A PrEP Access and Equity Task and Finish Group has gathered evidence on barriers to PrEP access, and recommendations have been presented to the HIV Action Plan Implementation Steering Group to inform the development of a roadmap to improve PrEP access. The Government will consider its response to the recommendations.
Objective 2: scale up HIV testing in line with national guidelines
NHS England expanded the scope of opt-out emergency department testing in high prevalence areas to include hepatitis B and hepatitis C, as part of a blood borne viruses approach. NHS England has published a report examining the first 100 days of this expanded initiative. It includes an interim report, while a final report for 2022 to 2023 is expected to be published at the end of 2023.
Objective 3: optimise rapid access to treatment and retention in care
UKHSA has developed two new measures of retention in care; those not seen for at least 15 months, and those not seen within five years. The update reports that Covid-19 has exacerbated the number of people not retained in HIV care, and that the number of people not retained in care now exceeds the estimated number of people living with undiagnosed HIV. UKHSA is carrying out work to support care delivery, including a review of face to face and virtual consultations, which will consider patient demographics and clinical outcomes.
Objective 4: improving quality of life for people living with HIV and addressing stigma
The update notes that many actions under objective 4 are planned for commencement in 2023 and 2024, but also says progress has been made in several areas.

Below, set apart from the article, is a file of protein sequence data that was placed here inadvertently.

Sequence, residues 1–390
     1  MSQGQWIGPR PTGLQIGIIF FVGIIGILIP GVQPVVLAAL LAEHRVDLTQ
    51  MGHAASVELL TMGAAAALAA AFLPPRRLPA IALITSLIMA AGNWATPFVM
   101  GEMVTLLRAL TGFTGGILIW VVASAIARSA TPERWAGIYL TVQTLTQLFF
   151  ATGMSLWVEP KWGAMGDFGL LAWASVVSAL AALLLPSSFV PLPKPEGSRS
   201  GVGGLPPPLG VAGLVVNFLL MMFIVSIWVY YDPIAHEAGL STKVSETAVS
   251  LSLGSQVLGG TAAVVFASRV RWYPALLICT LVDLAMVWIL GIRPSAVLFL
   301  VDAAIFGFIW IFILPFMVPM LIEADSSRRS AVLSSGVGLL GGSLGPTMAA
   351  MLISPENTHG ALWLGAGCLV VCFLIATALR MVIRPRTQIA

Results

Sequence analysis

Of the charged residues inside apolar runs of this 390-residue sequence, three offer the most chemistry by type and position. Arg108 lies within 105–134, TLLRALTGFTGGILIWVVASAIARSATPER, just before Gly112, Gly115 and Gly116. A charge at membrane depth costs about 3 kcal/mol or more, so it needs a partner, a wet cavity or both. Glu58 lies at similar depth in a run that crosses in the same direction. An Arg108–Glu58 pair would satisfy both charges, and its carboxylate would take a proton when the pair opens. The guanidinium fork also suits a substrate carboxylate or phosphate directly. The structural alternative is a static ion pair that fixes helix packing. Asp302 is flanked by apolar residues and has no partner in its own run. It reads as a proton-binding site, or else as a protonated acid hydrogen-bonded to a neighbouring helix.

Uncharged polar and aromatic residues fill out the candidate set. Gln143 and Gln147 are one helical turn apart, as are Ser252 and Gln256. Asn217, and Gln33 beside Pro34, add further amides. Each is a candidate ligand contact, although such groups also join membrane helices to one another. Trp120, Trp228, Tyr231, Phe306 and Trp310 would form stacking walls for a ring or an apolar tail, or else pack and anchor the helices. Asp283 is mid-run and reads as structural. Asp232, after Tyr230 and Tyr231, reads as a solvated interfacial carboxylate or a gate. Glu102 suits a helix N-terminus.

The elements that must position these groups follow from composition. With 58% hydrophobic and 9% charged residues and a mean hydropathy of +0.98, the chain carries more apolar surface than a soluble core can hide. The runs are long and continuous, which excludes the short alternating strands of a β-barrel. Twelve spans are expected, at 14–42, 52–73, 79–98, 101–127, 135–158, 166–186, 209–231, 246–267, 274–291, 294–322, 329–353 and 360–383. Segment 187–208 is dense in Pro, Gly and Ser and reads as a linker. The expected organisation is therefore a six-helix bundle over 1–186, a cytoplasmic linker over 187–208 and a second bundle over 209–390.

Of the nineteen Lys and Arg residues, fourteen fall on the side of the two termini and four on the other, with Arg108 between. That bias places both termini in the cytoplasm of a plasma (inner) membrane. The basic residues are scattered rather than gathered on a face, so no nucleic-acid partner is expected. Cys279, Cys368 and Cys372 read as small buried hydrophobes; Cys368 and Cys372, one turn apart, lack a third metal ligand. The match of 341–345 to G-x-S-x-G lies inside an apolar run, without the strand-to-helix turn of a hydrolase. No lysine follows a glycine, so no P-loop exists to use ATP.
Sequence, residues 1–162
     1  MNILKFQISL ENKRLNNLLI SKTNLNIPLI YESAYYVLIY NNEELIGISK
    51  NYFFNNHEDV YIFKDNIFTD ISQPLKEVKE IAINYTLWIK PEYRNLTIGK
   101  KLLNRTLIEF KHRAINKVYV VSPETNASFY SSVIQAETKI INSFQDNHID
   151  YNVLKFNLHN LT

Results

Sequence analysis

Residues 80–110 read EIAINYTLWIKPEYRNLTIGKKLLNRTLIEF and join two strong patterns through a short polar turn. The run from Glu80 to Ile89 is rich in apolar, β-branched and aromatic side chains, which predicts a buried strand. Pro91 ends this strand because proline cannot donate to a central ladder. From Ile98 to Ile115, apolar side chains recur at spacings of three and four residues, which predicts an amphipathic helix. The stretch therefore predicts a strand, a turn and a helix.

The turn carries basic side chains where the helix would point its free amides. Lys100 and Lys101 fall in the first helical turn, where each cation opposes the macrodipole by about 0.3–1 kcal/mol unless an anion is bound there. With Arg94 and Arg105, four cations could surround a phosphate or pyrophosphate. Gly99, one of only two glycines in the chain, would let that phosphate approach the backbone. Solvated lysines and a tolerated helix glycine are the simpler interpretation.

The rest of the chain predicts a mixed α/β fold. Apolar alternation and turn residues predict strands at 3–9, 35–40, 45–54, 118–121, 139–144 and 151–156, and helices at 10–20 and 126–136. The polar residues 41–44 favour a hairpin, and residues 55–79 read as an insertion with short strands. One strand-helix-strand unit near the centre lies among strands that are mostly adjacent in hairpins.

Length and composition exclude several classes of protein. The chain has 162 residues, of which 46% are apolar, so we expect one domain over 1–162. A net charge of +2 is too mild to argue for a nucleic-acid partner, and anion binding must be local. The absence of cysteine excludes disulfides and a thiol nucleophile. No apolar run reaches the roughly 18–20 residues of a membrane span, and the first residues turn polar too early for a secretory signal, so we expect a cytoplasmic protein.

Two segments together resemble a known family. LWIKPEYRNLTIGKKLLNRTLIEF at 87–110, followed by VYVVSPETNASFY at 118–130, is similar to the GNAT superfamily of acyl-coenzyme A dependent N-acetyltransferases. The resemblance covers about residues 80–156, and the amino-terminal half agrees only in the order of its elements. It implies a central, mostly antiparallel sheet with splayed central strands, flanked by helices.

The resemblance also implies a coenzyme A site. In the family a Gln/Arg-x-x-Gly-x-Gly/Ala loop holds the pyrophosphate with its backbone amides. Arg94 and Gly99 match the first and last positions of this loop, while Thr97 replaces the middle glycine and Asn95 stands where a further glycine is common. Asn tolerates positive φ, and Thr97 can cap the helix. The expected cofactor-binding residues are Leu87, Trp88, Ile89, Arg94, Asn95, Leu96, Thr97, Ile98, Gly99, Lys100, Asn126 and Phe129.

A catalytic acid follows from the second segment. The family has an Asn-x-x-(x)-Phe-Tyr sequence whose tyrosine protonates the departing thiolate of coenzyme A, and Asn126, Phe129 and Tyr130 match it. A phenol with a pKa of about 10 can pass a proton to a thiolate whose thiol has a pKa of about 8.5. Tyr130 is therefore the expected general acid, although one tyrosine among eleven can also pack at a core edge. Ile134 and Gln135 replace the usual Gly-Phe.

An internal scoping review of the effectiveness of peer support for people living with HIV in England and the UK is in progress. Commissioners will also engage with this work to consider as part of their support to people living with HIV.
Separately, a workforce task and finish group has been established by NHS England and the DHSC to assess and take action on HIV awareness among healthcare workers.
A national HIV Action Plan Implementation Steering Group has been established to lead on the implementation of the Plan. The Group is chaired by Professor Kevin Fenton, the Government’s Chief Advisor on HIV. The Group’s membership includes the UK Health Security Agency, NHS England and NHS Improvement, the British HIV Association, the National AIDS Trust, and the Terrence Higgins Trust.
Response to the update
Richard Angell, Chief Executive of the Terrence Higgins Trust, welcomed progress on new diagnoses identified through A&E department testing and called for the expansion of the programme to more emergency departments in high prevalence areas. He also called for PrEP to be made available in pharmacies and GP surgeries across England.
Deborah Gould, Chief Executive of the National AIDS Trust, welcomed the “encouraging updates” in the plan, but expressed concern about groups who are less likely to undergo routine HIV testing, and the number of people with a HIV diagnosis who are not engaged with treatment. She also called on the Government to make PrEP available in GP surgeries, community pharmacies and via online routes.
What progress has the Government made on its commitment to build 40 new hospitals in England?
February is World Heart Month. A debate on ‘Premature deaths from heart and circulatory diseases’ has been scheduled for 22 February 2024 in the Commons Chamber. The debate will be led by Dean Russell MP.